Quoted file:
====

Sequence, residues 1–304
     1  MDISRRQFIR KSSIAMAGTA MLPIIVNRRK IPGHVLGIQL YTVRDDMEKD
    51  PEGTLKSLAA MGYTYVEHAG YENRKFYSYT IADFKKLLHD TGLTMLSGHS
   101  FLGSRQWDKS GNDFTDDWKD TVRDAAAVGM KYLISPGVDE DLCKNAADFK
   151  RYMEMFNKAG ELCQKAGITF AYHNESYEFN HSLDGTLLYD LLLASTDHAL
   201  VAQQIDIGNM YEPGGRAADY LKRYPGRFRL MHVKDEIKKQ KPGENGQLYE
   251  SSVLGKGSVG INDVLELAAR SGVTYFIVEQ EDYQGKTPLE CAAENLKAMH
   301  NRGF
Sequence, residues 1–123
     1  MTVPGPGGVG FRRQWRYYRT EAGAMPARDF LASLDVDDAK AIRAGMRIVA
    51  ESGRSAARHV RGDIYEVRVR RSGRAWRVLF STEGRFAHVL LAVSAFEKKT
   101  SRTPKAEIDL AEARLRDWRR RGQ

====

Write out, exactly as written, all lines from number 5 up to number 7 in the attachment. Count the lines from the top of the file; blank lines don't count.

   151  RYMEMFNKAG ELCQKAGITF AYHNESYEFN HSLDGTLLYD LLLASTDHAL
   201  VAQQIDIGNM YEPGGRAADY LKRYPGRFRL MHVKDEIKKQ KPGENGQLYE
   251  SSVLGKGSVG INDVLELAAR SGVTYFIVEQ EDYQGKTPLE CAAENLKAMH